This was a Hackathon of the Nervousnet project (http://www.nervousnet.ethz.ch/), a hacking event made for developers, entrepreneurs, data specialists, early adopters, end users and everybody else interested in building and enforcing Digital Democracy together.
Nervousnet is a decentralized Internet of Things platform for privacy-preserving social sensing services provided as public good. It is implemented as a mobile app and it is open source under the GPL v3 license. Nervousnet is capable to collect and manage sensor data from Android and iOS smartphones by letting users self-determine the data they locally preserve and the data they remotely share. This forms the main privacy-by-design functionality of the nervousnet backend. A lightweight local analytics engine residing in the Nervousnet backend provides a high-level API for developers to build data-driven applications. Analytics can be also performed across devices with an implementation of a truly decentralized and privacy-preserving Big Data paradigm: the global analytics engine.
This Hackathon provided three types of challenges for online and remote participants to contribute to, with money prices ranging from 400 CHF (3rd place) to 1.000 CHF (1st place) per category. The challenges were as follows
1 - Design and Development of the:
Here you find opportunities like for e.g. extending the API of the local analytics engine, implementing communication security or integrating web views and an application store.
2 - Design and Development of:
Here you can build your own data-driven applications. Some examples: earthquake detection, localization and navigation, ambient assisting living, smart homes, IoT games and more. There will be new LoRa sensor nodes to play with!
3 - The nervousnet:
Come up with your own data summarization algorithm that guarantees the highest privacy protection level and at the same time performs accurate data analytics.
I did the first challenge. I decided to not only use smartphones to interact with this social privacy-preserving system, but extend it to smart devices like microcontrollers sensing our homes or public buildings. Actually, if we look into the envisioned architecture for Nervousnet at this point, IoT should be accounted for (and so, that's what I did):
With the code I developed (and available here on GitHub), you are able to use a specific microcontroller (Arduino), with a wifi shield on top of it (but can be used with Ethernet shield or anyother thing, with proper adaptation) and a Sensor of your choosing (I chose to mimic an axelerometer), to save one sensor Data to the backbone of Nervousnet (called Router, in the code). With the code, I provide a mysql Data Base which is a preliminary (still) centralized approach to Nervousnet Backbone, and presents a ten fold of different types of sensors (in the github link I provided, this is the file), being them:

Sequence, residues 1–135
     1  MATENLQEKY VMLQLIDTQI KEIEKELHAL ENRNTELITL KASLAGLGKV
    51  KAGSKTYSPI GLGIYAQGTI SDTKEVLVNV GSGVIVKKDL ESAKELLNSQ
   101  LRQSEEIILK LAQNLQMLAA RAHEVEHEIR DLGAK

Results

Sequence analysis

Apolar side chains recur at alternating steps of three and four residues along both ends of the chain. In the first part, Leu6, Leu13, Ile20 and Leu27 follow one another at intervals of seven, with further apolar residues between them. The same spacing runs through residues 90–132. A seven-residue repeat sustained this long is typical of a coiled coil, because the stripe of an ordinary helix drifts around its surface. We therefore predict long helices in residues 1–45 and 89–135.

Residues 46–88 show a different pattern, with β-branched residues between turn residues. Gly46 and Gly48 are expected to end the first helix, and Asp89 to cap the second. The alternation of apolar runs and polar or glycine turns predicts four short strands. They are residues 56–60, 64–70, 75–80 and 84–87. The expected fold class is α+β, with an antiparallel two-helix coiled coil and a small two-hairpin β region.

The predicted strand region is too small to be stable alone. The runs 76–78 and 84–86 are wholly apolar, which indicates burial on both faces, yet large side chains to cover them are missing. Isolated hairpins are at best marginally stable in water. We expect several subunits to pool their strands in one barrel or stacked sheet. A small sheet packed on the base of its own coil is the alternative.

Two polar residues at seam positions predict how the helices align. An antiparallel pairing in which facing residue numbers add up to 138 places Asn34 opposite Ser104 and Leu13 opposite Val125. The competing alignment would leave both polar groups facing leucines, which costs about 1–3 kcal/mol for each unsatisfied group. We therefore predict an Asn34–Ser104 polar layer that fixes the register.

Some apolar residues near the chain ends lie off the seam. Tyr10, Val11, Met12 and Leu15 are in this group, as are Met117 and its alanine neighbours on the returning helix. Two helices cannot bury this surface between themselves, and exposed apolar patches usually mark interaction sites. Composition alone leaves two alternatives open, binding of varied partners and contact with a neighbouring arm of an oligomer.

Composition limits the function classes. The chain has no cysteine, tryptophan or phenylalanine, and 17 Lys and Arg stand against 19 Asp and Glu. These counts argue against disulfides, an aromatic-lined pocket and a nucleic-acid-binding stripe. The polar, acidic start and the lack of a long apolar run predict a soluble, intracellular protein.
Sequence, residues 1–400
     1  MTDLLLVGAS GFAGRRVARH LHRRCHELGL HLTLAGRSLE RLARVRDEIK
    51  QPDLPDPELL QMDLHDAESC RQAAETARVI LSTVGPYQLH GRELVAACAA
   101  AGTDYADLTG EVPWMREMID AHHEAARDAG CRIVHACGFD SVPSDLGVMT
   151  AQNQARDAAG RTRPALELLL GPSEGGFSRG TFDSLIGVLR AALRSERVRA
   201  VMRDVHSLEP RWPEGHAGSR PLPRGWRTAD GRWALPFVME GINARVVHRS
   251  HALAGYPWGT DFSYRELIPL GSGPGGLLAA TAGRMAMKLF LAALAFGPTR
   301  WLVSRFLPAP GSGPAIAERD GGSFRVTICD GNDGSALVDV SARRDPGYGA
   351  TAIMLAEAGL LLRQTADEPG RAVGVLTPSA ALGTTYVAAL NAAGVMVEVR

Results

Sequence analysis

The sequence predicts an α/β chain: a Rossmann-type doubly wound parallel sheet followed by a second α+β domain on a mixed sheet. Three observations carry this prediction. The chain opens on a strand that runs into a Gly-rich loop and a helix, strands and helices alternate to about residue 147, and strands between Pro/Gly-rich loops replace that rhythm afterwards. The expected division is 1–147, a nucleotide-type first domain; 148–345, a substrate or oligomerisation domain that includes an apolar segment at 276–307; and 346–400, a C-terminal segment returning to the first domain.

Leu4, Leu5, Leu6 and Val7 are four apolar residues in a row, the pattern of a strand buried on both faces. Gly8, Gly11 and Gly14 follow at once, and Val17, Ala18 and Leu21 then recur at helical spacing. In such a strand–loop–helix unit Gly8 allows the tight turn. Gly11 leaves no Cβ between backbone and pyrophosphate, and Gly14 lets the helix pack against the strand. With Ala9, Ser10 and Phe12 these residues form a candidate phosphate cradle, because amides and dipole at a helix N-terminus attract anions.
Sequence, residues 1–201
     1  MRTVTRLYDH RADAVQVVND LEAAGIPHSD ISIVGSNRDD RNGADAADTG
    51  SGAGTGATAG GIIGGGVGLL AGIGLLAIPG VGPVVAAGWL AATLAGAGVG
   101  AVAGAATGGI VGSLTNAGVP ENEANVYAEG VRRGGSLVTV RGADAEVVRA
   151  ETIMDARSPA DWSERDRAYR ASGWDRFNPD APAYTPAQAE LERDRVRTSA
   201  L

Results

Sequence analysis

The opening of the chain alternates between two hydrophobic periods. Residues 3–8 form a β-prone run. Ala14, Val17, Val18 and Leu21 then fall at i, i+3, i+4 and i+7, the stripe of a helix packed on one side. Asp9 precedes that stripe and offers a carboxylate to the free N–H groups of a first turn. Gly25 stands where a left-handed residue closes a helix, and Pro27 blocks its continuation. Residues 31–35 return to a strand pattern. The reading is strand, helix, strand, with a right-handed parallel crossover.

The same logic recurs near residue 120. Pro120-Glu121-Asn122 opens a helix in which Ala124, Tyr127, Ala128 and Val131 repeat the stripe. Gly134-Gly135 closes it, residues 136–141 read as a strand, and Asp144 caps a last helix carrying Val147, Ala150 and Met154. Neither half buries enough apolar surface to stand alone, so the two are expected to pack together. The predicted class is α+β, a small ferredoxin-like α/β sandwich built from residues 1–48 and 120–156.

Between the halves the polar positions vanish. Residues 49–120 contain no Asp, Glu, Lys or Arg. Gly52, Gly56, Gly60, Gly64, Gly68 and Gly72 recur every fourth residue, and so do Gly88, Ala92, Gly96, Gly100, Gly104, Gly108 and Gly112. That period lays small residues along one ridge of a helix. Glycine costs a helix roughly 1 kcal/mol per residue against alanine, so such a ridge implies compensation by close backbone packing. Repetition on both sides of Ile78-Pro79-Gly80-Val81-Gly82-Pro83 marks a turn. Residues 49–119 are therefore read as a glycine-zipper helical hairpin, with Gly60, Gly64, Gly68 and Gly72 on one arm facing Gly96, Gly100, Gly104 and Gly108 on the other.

Of these sensors, I used Arduino to publish dumy sensor data for the Accelerometer sensor (because I didn't actually have the hardware sensor with me, but that's changeable). This code is composed by a file to be flashed into the microcontroller (Here's the code for Arduino), a Java Server (composed by Netbeans and Glassfish application server, Here) providing the web interface between the microcontroler and the Nervousnet database, and the Nervousnet mysql DB (Here).
Considering the fact we had less than some practical 24H of hands on coding, you're not finding here a neat, full bullet proof code. I'm ok with that, and so should you.
The integration with the microcontroller was also done by Web Services; Previous integrations with both the smartphones and the backbone servers have been done by Google Protocol Buffers, and I also wanted to challenge this (not challenging, but enabling other Protocols to be used, and stretch Nervousnet's compatibility). As such, I used SOAP RESTful web services:
In the image above we get to see the communication between the microcontroller and the Nervousnet Backbone server I created through SOAP envelopes, XML communication (JSON can be used as well :P ). As I emulated an accelerometer sensor, the request I do in here (coming from the Arduino) has 3 values with it (X, Y and Z directions of the acceleration sensor). The answer from the backbone server is either a "true" or "false", meaning "YES, I recorded your data in the database", or "No, I didn't understand what you wanted, and so I failed to act".
Using stuff, the behavior of the Arduino is as follows:
And the result of this communication initiated by the Arduino is the following, registered in the database: